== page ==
Rodríguez met his eyes coolly. "That choice is not an option, Señor de la Vega!" As he said this, four lancers seated nearby rose and walked up to surround them, placing their hands on the pistols resting in holsters on their belts.

Diego looked down, meeting Ania's eyes. His eyes were filled with a concern that bordered on fear. She knew that the fear was not for himself. A bad feeling settled in the pit of Ania's stomach. Surely, this answered their question about who Rodríguez's target was. She dreaded having them open the letter and chest. Whatever else Rodríguez was, he was not a careless man. If he had set things up to make her look guilty of some crime, then he would have done a good job of it.

"Now see here, Capitán! This has gone quite far enough!" Diego began, advancing on Rodríguez. Rodríguez did not react in the least. However, the lancers suddenly all had their pistols out and aimed at him.

Ania grabbed his arm and when he looked at her again, shook her head. "All right, Capitán Rodríguez, I do not know what you are up to, but I will go," she said quickly.

Diego looked at her wordlessly for a second. The expression in his eyes was one of horror and guilt. Ania knew that he was blaming himself for not seeing this coming. She tried to smile and shook her head again. It was not his fault and if she got the chance, she would tell him that. Ania looked back at Rodríguez, straightening her back and raising her head high.

Rodríguez stood aside and waved his hand toward the cuartel in a mockingly polite manner. Ania and Diego walked across the plaza ahead of him, and then continued on into the capitán's office. Like some odd detail of background, Ania noticed the shocked, dismayed faces of García and several of the other lancers who knew her. She felt as if the whole pueblo was staring at them. It was almost a relief when they entered the wide gate of the cuartel.

While waiting as Rodríguez gave an order to his men, Diego quickly turned and gestured something to Bernardo, who scurried off across the plaza. Ania felt too numb to even wonder where he was headed.

Once the office door was closed behind them, Rodríguez demanded the letter again.

"Capitán, I cannot imagine what you hope to accomplish by all this. This is simply a letter from an old friend," she insisted as she handed the parchment packet to him and stood watching as he opened it and began reading. He seemed to find the blank page as interesting as the others.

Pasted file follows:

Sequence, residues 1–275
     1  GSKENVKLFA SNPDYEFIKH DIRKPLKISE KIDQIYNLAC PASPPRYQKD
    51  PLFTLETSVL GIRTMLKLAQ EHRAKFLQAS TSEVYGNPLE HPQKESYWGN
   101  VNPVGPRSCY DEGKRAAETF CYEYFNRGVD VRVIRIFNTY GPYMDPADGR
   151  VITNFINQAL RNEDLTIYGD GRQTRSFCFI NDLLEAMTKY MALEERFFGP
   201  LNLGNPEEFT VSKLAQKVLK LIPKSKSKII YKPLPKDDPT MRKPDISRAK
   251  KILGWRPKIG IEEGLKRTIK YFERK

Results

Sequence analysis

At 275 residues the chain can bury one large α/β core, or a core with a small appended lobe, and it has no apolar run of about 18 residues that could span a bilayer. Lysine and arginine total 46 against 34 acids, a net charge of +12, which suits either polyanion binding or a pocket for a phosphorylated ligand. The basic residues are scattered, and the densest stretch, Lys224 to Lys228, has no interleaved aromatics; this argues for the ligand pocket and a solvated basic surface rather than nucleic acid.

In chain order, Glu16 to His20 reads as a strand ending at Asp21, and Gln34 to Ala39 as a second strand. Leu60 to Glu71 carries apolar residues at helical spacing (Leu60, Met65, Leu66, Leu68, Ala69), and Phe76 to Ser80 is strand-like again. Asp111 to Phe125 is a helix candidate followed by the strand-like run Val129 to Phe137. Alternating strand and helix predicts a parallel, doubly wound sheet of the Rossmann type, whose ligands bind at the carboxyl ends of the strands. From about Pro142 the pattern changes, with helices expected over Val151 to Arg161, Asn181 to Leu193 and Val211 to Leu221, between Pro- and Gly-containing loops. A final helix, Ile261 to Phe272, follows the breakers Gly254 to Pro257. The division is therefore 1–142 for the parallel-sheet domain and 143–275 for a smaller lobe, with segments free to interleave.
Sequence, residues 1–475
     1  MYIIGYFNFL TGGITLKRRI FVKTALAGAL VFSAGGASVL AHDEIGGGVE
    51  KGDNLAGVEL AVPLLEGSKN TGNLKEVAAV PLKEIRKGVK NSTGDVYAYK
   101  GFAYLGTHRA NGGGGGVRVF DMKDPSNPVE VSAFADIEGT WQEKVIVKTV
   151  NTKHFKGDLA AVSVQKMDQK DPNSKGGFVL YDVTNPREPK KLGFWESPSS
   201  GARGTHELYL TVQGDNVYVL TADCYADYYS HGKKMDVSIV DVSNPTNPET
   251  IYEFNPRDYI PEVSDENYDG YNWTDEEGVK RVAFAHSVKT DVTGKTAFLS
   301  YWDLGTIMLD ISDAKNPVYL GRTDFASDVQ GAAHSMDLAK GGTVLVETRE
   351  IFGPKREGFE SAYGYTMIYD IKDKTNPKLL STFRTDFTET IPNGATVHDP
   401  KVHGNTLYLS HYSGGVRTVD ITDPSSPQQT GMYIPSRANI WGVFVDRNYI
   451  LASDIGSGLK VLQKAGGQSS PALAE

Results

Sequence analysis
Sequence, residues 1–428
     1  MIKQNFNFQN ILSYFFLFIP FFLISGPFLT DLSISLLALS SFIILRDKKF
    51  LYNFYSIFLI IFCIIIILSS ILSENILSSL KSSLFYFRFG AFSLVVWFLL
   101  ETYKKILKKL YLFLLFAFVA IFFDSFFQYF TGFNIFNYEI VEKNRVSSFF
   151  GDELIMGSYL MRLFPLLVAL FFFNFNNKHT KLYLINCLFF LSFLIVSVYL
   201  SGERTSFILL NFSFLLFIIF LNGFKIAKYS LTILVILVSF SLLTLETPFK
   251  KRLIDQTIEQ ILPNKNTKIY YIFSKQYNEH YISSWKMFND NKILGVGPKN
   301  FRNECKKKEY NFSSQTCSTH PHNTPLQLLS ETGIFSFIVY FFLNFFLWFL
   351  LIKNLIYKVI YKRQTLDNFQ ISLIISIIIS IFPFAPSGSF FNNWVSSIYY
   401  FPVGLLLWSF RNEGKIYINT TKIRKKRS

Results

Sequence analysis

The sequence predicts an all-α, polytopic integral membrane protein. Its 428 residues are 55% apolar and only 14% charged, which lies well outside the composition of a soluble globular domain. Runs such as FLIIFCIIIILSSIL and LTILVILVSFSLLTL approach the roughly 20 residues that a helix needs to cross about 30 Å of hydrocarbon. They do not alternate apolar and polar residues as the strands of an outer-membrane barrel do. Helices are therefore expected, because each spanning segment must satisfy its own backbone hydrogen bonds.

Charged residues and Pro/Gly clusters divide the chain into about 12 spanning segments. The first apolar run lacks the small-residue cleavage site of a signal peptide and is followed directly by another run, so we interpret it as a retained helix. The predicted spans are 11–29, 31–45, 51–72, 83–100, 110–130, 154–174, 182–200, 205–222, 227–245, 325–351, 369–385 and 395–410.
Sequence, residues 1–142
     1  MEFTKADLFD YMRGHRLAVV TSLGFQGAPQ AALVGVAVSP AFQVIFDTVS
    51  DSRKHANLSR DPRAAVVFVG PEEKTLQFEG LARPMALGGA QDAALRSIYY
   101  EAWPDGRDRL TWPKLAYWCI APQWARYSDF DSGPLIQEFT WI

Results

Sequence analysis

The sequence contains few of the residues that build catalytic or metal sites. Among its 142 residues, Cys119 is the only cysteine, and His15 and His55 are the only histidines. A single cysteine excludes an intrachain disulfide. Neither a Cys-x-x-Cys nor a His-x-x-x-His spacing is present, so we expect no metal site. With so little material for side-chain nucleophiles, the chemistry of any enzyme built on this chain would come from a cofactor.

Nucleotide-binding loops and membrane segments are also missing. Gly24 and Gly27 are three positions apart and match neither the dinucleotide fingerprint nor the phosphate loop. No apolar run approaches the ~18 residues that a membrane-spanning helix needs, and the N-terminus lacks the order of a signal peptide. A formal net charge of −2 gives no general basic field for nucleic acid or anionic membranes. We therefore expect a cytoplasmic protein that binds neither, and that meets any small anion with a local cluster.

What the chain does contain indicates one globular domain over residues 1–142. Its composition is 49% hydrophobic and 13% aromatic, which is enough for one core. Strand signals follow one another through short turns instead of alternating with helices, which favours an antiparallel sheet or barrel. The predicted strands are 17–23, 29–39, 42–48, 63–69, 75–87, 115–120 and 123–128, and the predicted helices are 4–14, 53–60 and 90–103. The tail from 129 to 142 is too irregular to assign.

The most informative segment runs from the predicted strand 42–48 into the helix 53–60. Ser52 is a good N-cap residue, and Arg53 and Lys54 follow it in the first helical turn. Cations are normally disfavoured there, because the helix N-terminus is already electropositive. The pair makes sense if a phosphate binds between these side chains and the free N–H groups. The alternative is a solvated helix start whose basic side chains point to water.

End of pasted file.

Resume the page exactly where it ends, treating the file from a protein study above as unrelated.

Bringing a candle close beside him, Rodríguez held the paper over the hot draft above the flame. To Ania's amazement, words began to appear, faint but readable. She had no doubt of the treasonous contents of the letter as Rodríguez began smiling and looked up at her. "Well, it seems that you have finally made a mistake, Señorita Valdéz," he said.

"I, Capitán? I have done nothing!" she insisted.

"She is innocent and you know it, Rodríguez!" Diego declared. "This is all your doing!"

"No, señor. I am sorry, but I only learned of her involvement after I was contacted by the capitán in Monterey. How could I have started it?" Rodríguez said calmly.

A disturbance could be heard at the door at that moment. "I am sorry, Don Alejandro, but no one is allowed in," Sergeant García's voice could be heard saying.

"Sergeant, you have my son and Señorita Valdéz in there and not even you are big enough to stop me from going in there. Now stand aside, Sergeant!" Diego heard his father say.

There was a quick knock at the door and a flustered looking García tried to stick his head in to ask Rodríguez about admitting Don Alejandro. However, Don Alejandro refused to wait and pushed his way past the upset lancer. "Capitán Rodríguez, what is the meaning of this?" he demanded. "Why have Diego and the señorita been detained?"

"Oh, Don Diego is free to go at any time, I assure you, Don Alejandro. It is the señorita who must remain with me for a while," Rodríguez corrected.

"You would seize this highborn lady and hold her? For what reason?" Don Alejandro asked indignantly.